Estrella WarBirds Museum

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Estrella Warbirds Museum Welcomes You! Come Visit Us

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Estrella Warbirds Museum is one of the fastest growing museums in CA


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There is always plenty to do and see at Estrella Warbirds Museum whether you are 3 or 93!


"Warbirds Over Paso" Air Show
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Armament & Ordnance


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Aircraft at the museum can be privately owned and on display, on loan from military organizations or belong to Estrella Warbirds Museum


Watch this space for upcoming additions!

Welcome to the Woodland Family Automobile Display


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Note: In order to keep the displays looking fresh, some of the listed vehicles may be temporarily cycled out for maintenance, on loan, or to make room for other vehicles.

Missiles On DIsplay at Estrella Warbirds Museum


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Vehicles on display are frame up restorations. Got talent? We've got more to do.


Got Questions? Contact Us! Our vehicle displays are always changing. You will find something new with each visit.

Estrella Warbirds Museum is one of the fastest growing museums in CA

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1942 General Motors Corporation DUKW

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Army Duck






The DUKW was developed quickly during World War II to meet the need for amphibious cargo transfer from ship to shore.  The nomenclature DUKW was assigned by the manufacturer, General Motors Corporation, from:
D= First year of Manufacture (1942)
U= Utility vehicle (amphibious)
K= All Wheek Drive
W= Rear tandem axle. 


Someone quickly noticed that DUKW could be pronounced "duck" and the "Amy Duck" was born.   The first operational use of the DUKW was in March  1943 when the U.S. landed troops on Noumea, New Caledonia.   Later organized into companies,  the DUKW displayed its verstility by carrying ammunition directly from anchored ships to shore.  This use of DUKWs kept casualties to a minimum, but a bigger purpose surfaced as American ingenuity took over.  Some of the DUKWs were modified to carry 4.5 inch rockets.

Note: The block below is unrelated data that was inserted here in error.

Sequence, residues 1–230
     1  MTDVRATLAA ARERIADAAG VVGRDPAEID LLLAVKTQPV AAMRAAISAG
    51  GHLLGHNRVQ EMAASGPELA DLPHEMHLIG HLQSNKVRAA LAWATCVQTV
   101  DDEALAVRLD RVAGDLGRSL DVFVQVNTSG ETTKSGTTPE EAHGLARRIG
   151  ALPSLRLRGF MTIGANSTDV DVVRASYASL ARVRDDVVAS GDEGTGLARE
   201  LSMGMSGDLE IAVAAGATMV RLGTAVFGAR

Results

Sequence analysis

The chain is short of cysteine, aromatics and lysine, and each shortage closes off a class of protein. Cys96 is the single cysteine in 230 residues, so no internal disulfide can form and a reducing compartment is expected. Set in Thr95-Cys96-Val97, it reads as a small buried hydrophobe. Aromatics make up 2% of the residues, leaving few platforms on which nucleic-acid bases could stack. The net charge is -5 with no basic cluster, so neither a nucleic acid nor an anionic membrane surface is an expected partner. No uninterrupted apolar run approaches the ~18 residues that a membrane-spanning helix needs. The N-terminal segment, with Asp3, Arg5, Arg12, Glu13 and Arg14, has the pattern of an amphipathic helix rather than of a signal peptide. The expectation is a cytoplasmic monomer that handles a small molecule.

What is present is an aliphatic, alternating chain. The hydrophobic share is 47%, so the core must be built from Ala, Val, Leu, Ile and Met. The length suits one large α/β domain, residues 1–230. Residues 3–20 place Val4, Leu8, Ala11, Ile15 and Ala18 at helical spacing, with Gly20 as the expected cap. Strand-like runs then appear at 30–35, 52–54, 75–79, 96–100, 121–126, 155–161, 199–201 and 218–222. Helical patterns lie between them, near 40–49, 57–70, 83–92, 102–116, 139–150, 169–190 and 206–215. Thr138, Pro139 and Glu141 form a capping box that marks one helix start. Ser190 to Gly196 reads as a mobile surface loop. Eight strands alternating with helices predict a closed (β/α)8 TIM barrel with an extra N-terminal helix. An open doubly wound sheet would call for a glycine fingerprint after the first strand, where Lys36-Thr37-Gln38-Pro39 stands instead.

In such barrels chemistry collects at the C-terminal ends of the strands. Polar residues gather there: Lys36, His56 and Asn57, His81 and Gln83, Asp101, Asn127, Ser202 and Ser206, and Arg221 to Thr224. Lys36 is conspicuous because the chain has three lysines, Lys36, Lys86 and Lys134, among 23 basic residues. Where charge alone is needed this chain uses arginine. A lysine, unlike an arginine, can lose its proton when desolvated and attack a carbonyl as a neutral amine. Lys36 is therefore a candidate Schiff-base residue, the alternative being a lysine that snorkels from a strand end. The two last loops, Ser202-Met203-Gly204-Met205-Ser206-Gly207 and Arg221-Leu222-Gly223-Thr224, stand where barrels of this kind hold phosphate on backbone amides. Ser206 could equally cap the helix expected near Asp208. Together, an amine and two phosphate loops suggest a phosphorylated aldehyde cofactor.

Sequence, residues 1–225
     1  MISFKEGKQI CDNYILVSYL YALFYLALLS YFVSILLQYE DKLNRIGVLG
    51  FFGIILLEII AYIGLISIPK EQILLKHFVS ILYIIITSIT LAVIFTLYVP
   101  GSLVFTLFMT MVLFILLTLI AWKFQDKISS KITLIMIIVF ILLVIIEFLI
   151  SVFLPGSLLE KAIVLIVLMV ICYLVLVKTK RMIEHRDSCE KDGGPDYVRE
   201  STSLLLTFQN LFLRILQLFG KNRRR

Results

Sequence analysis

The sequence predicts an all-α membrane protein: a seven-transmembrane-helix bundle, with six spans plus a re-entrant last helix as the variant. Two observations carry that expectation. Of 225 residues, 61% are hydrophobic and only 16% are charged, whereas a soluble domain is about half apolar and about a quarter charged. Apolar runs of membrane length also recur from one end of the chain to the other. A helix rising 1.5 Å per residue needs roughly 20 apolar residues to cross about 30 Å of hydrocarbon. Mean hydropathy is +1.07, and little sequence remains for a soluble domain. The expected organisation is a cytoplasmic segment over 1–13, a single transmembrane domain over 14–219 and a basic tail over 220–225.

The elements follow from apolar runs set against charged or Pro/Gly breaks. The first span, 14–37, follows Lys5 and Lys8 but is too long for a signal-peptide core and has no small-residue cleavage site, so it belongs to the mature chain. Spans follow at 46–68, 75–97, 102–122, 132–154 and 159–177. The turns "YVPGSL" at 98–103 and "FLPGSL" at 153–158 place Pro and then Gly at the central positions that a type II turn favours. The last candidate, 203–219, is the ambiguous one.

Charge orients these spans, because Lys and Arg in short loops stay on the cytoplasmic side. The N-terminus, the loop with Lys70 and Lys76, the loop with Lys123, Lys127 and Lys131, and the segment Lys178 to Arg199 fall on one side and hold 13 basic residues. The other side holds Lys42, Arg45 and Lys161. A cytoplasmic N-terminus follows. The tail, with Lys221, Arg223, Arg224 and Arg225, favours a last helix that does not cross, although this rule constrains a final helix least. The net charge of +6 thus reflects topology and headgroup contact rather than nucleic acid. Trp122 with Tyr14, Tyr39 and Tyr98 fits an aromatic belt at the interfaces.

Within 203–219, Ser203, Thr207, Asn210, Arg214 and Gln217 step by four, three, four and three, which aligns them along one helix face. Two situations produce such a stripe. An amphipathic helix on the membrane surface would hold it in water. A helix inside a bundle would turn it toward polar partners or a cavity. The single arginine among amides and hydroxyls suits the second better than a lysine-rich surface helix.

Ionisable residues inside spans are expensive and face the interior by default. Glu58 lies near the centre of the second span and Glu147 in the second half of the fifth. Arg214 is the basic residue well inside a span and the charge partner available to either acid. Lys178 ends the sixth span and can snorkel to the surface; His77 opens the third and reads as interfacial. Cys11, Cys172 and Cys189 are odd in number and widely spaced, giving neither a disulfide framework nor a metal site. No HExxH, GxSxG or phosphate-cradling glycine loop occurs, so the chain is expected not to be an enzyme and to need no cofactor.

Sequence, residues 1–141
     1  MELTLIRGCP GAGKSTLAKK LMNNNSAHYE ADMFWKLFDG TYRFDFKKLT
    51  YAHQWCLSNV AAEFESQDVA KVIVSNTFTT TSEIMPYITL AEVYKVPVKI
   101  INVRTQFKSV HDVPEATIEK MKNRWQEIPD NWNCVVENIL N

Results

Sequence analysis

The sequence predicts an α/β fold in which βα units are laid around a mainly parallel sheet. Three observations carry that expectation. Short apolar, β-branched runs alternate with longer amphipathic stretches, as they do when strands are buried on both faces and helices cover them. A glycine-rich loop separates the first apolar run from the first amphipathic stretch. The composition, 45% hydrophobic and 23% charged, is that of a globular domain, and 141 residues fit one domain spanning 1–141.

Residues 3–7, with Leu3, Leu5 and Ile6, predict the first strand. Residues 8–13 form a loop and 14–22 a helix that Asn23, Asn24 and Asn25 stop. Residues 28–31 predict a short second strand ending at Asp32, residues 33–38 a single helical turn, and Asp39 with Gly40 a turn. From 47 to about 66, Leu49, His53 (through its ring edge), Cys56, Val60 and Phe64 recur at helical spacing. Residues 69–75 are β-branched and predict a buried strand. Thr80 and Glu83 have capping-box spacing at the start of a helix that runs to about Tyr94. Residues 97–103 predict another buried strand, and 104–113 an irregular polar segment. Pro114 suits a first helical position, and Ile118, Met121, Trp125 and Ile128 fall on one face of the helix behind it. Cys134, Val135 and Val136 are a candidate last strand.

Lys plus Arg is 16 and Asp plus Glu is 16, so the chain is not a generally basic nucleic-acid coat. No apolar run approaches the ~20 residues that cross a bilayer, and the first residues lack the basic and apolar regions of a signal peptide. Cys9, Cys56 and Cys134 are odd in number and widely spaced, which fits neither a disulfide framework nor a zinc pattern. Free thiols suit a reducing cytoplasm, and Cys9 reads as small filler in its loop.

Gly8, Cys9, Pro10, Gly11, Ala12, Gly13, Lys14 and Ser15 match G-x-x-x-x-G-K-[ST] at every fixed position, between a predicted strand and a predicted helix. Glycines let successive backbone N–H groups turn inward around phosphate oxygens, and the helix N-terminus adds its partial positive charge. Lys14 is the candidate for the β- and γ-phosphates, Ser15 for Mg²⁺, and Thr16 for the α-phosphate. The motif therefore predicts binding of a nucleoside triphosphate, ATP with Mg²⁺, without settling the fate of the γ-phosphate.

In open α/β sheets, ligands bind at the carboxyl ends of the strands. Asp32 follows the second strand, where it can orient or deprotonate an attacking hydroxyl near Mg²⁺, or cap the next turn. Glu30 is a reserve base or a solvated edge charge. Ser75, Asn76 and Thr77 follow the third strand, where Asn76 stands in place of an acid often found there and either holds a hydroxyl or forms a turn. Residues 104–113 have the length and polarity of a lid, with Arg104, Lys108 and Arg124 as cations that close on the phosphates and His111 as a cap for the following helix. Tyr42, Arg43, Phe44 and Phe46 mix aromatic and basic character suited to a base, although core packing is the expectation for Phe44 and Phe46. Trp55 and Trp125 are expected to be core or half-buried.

General Patton and General Eisenhower realized the DUKW was an invaluable war tool, and they were impressed by its capabilities. Over 1,000 DUKWs were used in the Sicilian landings of 1943 alone. Operation Overlord, the landing in Normandy, was the most crucial operation in history with circumstances that made the DUKWs virtually indispensable. Approximately, 2,000 DUKWs brought to shore 40% of all supplies landed between June 6 and September 1, 1944.

The DUKW was the first vehicle with a central tire pressure control, allowing the operator to adjust the tires for hard surface roads (high pressure) or sand (low pressure) from the driver's seat. This is now a feature of the HMMWV (Humvee) and other modern vehicles.
Flying Duck
Colonel Frank Speir, Project Engineer of the Army´s Amphibious Warfare Program until the time of his death on 8 July 1956, one of the fathers of the US Army's DUKW, thought that foils could increase the sea speed of this vehicle. He initiated a contract with Lycoming Division of AVCO and Miami Shipbuilding Corp to build a prototype. Adapting data from HALOBATES, including its autopilot, and using a Lycoming T-53 gas turbine for main propulsion, a flying DUKW was designed, and successful demonstration trials were conducted in Miami waters. Speeds in excess of 30 kt were demonstrated (compared with the 5 kt of the conventional DUKW).




Truck, Amphibious, 2.5 ton, 6x6 DUKW
(Pronounced "Duck")


Dukw Landing in the Pacific



Amphibious DUKW landing in the Philippines during World War II.   The DUKW was based on the GMC "deuce and a half" CCKW, fitted with a watertight hull and propeller.  Following the end of the war, many of the versitile DUKWs were transferred to Coast Guard duty, river patrols or later Civilian Defense work.  They continue in service today with popular "Duck Tours."



Flying DUKW

Engine:
270 cubic inch in GMC straight 6
Length: 31 feet 
Width: 8 foot 4 inch
Height: 8foot 8 inch w/top up
Weight: 7.5 tons
Water Speed: 6.4 mph
Road Speed: 50 mph
Number Manufactured: 21,000
Capacity Troops: 25 or 12 on litters 
Capacity Cargo: 5 tons
Status: Currently under restoration  
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